Appleton's Cyclopedia of American Biography, edited by James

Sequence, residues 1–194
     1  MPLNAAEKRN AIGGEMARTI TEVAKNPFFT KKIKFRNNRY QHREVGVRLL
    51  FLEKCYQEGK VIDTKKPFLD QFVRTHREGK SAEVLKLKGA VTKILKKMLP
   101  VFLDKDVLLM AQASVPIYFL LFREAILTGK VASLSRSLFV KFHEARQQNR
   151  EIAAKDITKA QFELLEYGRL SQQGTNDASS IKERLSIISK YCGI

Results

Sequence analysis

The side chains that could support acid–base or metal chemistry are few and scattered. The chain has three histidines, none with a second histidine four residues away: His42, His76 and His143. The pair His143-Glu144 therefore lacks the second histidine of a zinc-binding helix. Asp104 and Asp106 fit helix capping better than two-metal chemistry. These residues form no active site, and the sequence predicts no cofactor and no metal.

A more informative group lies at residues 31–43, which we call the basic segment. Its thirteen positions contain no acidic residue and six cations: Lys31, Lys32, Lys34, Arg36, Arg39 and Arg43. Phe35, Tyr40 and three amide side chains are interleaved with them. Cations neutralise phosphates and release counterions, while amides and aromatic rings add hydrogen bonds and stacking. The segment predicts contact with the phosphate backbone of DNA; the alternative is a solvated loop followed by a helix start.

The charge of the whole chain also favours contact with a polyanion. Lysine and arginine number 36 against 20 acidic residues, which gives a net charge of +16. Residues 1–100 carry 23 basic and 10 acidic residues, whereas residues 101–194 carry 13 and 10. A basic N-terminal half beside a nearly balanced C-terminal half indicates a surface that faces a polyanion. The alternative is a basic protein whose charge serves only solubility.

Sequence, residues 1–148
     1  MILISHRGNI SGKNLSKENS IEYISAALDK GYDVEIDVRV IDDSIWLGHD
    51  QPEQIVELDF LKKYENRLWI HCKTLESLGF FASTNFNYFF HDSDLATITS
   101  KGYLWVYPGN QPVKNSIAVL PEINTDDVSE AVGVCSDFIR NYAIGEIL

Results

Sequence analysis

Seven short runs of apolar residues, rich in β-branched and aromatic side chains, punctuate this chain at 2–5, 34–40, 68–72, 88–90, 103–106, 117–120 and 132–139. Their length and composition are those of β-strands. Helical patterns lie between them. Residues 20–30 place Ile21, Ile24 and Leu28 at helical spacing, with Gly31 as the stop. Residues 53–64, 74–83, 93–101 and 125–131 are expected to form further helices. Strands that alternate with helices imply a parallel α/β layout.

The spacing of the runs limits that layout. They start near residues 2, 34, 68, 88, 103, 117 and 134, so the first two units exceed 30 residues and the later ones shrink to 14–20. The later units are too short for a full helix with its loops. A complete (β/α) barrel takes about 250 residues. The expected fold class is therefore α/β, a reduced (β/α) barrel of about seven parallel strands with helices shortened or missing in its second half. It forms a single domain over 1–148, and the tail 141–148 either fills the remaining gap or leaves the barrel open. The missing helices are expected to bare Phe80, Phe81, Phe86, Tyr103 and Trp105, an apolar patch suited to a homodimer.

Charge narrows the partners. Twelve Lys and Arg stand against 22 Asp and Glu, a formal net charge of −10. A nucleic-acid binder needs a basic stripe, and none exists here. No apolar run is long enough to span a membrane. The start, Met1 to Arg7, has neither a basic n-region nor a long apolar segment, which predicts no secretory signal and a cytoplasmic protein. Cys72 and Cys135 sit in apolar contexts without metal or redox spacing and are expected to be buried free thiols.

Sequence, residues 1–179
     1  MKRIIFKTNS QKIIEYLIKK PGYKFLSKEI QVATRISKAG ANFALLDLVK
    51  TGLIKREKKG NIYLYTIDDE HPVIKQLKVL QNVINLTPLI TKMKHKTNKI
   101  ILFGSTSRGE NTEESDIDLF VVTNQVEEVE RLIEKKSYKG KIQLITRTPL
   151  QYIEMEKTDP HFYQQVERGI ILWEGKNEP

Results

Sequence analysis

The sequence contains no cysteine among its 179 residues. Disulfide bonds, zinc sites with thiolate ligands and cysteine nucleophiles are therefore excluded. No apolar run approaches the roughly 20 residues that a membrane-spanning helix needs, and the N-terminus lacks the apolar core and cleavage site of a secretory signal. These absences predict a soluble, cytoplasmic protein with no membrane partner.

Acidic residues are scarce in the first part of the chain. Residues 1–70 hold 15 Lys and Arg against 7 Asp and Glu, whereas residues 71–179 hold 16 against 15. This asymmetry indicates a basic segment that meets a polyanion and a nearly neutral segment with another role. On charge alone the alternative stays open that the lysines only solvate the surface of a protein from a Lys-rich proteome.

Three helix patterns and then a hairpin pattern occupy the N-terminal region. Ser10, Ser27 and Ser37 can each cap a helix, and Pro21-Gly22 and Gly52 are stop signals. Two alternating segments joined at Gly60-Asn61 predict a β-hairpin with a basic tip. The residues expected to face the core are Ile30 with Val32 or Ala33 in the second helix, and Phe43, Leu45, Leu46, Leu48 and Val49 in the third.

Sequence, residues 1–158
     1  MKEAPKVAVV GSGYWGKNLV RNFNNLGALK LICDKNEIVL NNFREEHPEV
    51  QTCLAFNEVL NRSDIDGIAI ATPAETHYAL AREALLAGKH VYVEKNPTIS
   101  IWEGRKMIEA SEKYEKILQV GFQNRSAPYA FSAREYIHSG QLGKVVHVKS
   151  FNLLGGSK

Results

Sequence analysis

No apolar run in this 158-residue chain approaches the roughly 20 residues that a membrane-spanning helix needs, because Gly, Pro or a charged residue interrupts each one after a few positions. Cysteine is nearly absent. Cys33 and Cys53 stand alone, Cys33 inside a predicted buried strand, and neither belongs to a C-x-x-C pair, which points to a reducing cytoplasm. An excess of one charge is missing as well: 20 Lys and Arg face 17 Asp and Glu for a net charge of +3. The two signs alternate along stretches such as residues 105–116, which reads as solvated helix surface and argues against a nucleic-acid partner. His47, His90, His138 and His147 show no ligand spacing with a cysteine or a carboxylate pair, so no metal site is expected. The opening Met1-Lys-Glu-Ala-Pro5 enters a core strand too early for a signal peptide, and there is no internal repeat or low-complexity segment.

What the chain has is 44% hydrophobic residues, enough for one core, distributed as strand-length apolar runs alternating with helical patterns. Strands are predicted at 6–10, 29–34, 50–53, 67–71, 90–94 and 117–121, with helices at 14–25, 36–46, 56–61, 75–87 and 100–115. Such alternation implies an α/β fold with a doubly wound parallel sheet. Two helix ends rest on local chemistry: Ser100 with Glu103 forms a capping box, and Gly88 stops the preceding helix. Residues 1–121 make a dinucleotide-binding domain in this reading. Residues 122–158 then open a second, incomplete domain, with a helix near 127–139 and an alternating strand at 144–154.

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MAGRUDER, John Bankhead, soldier, born in Winchester, Virginia, 15 August, 1810; died in Houston, Texas, 19 February, 1871. He was graduated at the United States military academy in 1830, assigned to the artillery, and served in the west, in Maine, and at Fort McHenry, Baltimore. In the Mexican war he commanded the light battery of General Pillow's division, and was brevetted major for gallantry at Cerro Gordo, and lieutenant-colonel for Chapultepec, where he was severely wounded. After the war he served in Maryland, California, and Newport, Rhode Island, where he was in command of Fort Adams. While holding this last post he added greatly to the gayety of Newport by the splendid entertainments that he gave at the fort during the fashionable season. When Virginia seceded, he resigned his commission, that of captain of artillery, and entered the Confederate army. After gaining the battle of Big Bethel, he was made brigadier-general and placed in command of the Confederate forces on the peninsula, with his headquarters at Yorktown, where for several weeks he opposed the advance of the national army. He was then promoted major-general and took part in the seven days' fighting around Richmond, especially in the battle of Malvern Hill. On 16 October, 1862, he was placed in command of the Department of Texas, and on 1 January, 1863, he recovered Galveston from the National forces, capturing the steamer "Harriet Lane," and dispersing for a time the blockading squadron. He remained in command in Texas until the close of the war, when he entered the army of Maximilian in Mexico, with the rank of major-general, serving until the emperor's downfall and execution. He then returned to the United States and lectured, in Baltimore and other cities, on Mexico. In 1869 he settled in Houston, where he remained until his death.--His niece, Julia, author, born in Charlottesville, Virginia, 14 September, 1854, has published "Across the Chasm," anonymous (New York, 1885); "At Anchor" (Philadelphia, 1887); and "A Magnificent Plebeian" (New York, 1887).
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